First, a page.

Medwave endorses and enforces reporting guidelines
Medwave adheres to international guidelines to improve the quality and transparency of medical reporting, such as STROBE, CONSORT, PRISMA, among others (see Equator-Network).
The journal also urges authors to prepare their manuscripts before submission using the reporting guideline that suits their study design. During the peer review process, peer reviewers will be asked to use the appropriate guideline when reviewing.
Journal roadmap of editorial principals and values
We strive to:
- Facilitate cooperation and communication between physicians and their allied health professionals in any Spanish-speaking country, and in any country that shares a similar socioeconomic context.
- Promote professionalism in medical publication through the constant improvement of internal editorial and publishing procedures, in order to guarantee as much as possible the scientific accuracy of the published articles.
- Maintain an informed editorial stewardship that stays in tune with current trends, issues and problems concerning health care, as well as those that may arise in the future.
- Maintain a strict editorial independence from any interest or economic group and support the concept of editorial freedom.
- Achieve the highest possible level of medical publishing ethics.
- Recognize that, in addition to all the aforementioned values, a medical journal has an essential social responsibility to seek the improvement of the human condition and to safeguard the integrity of the medical sciences.
Medwave is a peer-reviewed biomedical journal, meaning that all submitted manuscripts are evaluated by reviewers who are not part of the permanent group of editors. External peer review improves the accuracy and clarity of the published articles and helps associate editors and editors-in-chief make better decisions for acceptance or rejection. However, it must be pointed out that this process does not ensure that there will be no errors as this is a human endeavor and, as such, vulnerable to honest mistakes.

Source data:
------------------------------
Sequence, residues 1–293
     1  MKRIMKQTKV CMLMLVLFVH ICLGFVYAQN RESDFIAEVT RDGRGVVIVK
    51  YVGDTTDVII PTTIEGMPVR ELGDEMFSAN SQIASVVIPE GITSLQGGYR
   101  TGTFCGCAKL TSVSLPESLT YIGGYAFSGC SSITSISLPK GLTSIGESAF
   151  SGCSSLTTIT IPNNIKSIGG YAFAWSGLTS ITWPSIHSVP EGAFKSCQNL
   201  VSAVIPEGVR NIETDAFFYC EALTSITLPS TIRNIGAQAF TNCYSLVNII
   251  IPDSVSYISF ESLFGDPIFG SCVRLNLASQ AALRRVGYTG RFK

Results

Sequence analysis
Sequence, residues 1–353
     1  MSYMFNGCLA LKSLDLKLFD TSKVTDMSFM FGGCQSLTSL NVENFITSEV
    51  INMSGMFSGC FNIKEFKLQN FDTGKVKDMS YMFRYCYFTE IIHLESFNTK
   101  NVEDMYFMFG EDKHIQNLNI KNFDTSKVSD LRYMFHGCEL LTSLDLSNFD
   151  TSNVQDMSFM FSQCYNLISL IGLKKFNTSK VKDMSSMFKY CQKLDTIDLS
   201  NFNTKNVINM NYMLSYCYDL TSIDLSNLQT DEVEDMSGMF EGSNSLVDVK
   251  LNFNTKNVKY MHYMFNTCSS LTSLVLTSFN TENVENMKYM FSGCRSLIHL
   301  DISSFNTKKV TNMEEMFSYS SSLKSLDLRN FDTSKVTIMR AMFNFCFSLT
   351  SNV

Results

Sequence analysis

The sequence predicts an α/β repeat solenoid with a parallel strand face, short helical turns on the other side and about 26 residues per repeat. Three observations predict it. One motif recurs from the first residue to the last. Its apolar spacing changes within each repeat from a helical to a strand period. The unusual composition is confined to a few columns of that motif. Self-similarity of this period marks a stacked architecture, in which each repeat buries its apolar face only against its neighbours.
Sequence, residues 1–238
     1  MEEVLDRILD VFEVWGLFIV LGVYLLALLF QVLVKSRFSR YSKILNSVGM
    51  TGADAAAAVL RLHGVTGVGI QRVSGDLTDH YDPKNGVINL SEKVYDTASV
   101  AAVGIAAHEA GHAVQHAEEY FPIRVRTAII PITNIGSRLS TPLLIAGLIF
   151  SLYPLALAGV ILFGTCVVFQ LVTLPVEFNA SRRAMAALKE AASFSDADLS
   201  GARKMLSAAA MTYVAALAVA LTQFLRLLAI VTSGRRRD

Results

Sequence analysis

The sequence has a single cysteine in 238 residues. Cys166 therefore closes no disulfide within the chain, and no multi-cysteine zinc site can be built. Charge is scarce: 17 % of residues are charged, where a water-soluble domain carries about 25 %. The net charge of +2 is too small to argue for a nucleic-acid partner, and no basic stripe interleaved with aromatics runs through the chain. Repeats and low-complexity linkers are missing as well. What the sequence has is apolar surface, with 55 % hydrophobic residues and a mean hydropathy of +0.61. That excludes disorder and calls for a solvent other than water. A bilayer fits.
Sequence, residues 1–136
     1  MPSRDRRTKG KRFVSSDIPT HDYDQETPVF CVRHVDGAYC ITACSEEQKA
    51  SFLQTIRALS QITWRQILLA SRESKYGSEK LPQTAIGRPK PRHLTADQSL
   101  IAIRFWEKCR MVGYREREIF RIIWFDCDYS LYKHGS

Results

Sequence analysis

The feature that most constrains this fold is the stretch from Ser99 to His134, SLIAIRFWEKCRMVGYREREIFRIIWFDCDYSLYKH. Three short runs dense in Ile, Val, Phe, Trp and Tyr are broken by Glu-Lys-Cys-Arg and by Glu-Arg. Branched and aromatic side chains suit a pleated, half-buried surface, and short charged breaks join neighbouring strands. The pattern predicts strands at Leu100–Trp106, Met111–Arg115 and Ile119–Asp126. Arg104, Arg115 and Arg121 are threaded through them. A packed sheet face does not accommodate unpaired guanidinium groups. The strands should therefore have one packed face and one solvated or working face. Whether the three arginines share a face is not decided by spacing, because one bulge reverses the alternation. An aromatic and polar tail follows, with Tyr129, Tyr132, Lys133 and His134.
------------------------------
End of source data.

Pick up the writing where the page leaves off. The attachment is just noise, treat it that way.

Medwave’s policies regarding the peer review process are described below.
- We do a double-blind peer-review process in the first round of peer review. This means that reviewers are unaware of the manuscript author byline and affiliations, and authors are unaware of the reviewer names.
- Peer review may be opened up at the second round of peer review to a single-blind review, making reviewers aware of the authors names. This was done in our previous manuscript submission system (OJS) but not in the current submission system (Kriya).
- We follow the COPE (Committee on Publication Ethics) guideline document on Editing Peer Reviews. Accordingly, we expect peer-reviewers to submit well-written reviews with a professional and non-offensive tone. Peer reviewer comments will not be edited, censored, or modified in any way and will be presented to the corresponding author and coauthors as they were written. The editor in charge of the decision may or may not agree with the reviewer's comments and may or may not make authors aware of this.
- Manuscripts may undergo as many rounds of peer review as necessary and as deemed by the editor in charge. The manuscript may be rejected at any time during this stage if the editor considers that the corrected versions are not publishable.
- Reviewers are preferably selected according to their competencies in the thematic contents of the manuscript, research methods, or both.
- Reviewers declare potential conflicts of interest of any type - including financial - regarding a manuscript, and it is the journal’s policy to exclude reviewers from the review process if such conflicts exist and are declared.